MENU

These 2 Canadian Banks Offer the Most Growth Potential

Most investors feel their money is safe with the Canadian banks. The Canadian banks have a long-standing history of being conservatively run while offering consistent dividend increases for income investors. However, some investors may be overlooking two hidden gems within the sector: National Bank of Canada (TSX:NA) and Canadian Western Bank (TSX:CWB).

National Bank and Canadian Western Bank have the distinct advantage of being much smaller than the “Big Five” Canadian banks. National Bank is currently valued at $18.1 billion, and Canadian Western Bank is valued at just $2.3 billion. This pales in comparison to the larger Canadian banks, of which Canadian Imperial Bank of Commerce (TSX:CM)(NYSE:CM) is the next smallest at $43.4 billion — more than twice the size of National Bank and nearly 20 times the size of Canadian Western Bank.

The “small size” advantage can work to these banks’ favour in a number of ways. The smaller size of these companies allows them to grow faster than the larger banks. While the bigger banks may present as more conservative investments, the counter is that they offer less growth. The largest bank, Royal Bank of Canada (TSX:RY)(NYSE:RY) grew its top line by 2% last quarter compared to nearly 27% growth for National Bank and 11% top-line growth for Canadian Western Bank.

Due to their smaller stature, it’s easier for National Bank and Canadian Western Bank to grow sustainably at a faster rate than the big banks. Simply due to the “law of large numbers,” when Royal Bank increases its deposit book by $100 million, it equates to 13% growth; however, if National Bank were to grow deposits by an equal amount, it would mean a nearly doubling the size of its deposits. One should expect that the market will certainly pay a premium for this type of growth.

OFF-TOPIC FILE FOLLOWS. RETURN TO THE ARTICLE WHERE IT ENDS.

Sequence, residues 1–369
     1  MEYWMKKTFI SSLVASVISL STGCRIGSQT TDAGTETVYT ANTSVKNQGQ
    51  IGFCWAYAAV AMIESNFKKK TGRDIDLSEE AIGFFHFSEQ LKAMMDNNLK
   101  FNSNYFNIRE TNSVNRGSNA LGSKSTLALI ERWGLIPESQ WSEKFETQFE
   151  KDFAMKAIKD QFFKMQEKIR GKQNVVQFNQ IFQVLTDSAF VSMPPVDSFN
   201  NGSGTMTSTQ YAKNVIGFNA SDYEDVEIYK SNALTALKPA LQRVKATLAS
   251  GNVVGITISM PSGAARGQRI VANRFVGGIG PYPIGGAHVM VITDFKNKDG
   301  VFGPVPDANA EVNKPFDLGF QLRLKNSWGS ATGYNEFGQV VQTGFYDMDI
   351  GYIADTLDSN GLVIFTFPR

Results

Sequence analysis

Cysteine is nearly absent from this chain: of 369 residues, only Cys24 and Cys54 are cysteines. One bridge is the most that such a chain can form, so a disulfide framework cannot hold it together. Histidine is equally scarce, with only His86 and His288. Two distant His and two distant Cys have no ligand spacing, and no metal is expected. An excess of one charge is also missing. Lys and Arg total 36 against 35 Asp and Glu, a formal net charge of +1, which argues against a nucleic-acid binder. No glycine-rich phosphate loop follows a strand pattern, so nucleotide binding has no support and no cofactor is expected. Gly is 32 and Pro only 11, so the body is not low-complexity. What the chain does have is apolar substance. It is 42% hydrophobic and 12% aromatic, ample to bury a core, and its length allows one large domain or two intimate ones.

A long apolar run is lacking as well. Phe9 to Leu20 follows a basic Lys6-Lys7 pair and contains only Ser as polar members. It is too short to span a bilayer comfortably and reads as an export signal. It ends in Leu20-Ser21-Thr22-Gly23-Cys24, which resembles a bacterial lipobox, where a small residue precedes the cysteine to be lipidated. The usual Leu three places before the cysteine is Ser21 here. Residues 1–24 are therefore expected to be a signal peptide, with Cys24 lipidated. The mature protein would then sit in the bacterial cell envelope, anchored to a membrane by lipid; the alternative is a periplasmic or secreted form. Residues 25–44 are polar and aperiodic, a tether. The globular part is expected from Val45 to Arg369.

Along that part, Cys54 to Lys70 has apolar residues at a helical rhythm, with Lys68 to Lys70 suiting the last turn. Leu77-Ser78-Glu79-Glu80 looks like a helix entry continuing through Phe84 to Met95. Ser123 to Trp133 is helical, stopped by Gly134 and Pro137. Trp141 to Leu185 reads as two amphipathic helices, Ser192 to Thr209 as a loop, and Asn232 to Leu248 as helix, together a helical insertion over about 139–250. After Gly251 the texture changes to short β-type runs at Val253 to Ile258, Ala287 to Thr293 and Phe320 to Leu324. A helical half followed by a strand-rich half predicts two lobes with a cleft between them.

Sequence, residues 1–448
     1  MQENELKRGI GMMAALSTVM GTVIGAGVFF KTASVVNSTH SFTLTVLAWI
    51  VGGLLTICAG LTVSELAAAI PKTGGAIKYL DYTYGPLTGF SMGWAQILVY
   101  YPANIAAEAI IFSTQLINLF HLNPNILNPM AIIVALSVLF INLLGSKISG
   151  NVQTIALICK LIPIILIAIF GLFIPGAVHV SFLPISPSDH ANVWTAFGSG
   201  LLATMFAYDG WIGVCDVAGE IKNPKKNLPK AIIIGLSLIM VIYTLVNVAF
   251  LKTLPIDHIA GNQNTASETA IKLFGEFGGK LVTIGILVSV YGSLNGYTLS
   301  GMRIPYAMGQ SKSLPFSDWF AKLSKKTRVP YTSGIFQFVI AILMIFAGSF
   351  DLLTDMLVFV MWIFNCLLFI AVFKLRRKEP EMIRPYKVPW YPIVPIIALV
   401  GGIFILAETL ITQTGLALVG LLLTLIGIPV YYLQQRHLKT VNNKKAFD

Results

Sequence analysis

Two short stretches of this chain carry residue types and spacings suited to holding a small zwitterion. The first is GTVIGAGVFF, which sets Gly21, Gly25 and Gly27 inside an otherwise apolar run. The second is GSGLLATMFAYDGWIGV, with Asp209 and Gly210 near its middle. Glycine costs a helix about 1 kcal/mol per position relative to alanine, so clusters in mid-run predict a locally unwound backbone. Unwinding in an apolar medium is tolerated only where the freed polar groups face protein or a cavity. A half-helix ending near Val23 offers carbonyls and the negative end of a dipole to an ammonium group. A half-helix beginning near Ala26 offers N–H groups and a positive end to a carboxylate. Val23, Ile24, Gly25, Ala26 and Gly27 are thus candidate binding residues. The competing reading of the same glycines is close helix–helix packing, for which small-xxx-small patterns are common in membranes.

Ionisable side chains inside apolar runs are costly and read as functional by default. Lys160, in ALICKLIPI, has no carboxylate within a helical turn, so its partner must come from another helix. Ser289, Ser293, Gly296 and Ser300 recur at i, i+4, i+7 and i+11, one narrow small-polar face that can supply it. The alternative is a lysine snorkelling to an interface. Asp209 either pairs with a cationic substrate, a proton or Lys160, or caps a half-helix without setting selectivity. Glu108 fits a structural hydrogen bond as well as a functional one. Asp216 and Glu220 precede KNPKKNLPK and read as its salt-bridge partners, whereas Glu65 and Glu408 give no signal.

Due to their size and smaller role in the Canadian economy, National Bank and Canadian Western Bank are still considered viable takeover targets. While federal anti-trust regulators would almost certainly block a merger or acquisition involving the Big Five banks, it has long been rumoured that this would not be the case when it comes to National Bank and Canadian Western Bank, be it by one of their Canadian counterparts or potentially even a U.S. or international lender.

From a valuation perspective, National Bank and Canadian Western Bank are priced similarly today. Both are trading at forward price-to-earnings multiples of less than 10 times. Canadian Western Bank trades at a lower price-to-book ratio than National Bank, but it also generated lower returns on equity, which could provide a partial explanation for this discrepancy.

Both banks pay a healthy dividend; National Bank yields 4.14% at a payout ratio of 55%, while Canadian Western Bank yields 3.56% with a 45% payout ratio. The outlook for both companies is positive as well with analysts calling for sales growth of over 10% cumulatively for National Bank over the next two years, and even slightly better growth for Canadian Western bank over the same period.

Should you buy?

Both National Bank and Canadian Western Bank appear to be compelling investments for inclusion in a dividend-growth portfolio. These two banks should expect to benefit from the “small size premium” and should outpace the performance of their larger, more established peers, not to mention the fact that they both present very viable takeover candidates for the right party at the right time.

Looking for a few great dividend-paying stocks to buy today?

If so, you're in luck! Because we just tapped one of our top analysts -- and experts in this field -- and asked him to put together a special report highlighting three of his favorite dividend-payers to buy right now.

These three "Cash Kings" have an average yield of 4.0%... are poised to profit from three diverse (and highly crucial) sectors of the economy... and look like they have the ability to grow their dividend well into the future.

For a limited time find out how you can get a copy of this brand new special report by clicking here.

Fool contributor Jason Phillips has no position in any stocks mentioned.

I consent to receiving information from The Motley Fool via email, direct mail, and occasional special offer phone calls. I understand I can unsubscribe from these updates at any time. Please read the Privacy Statement and Terms of Service for more information.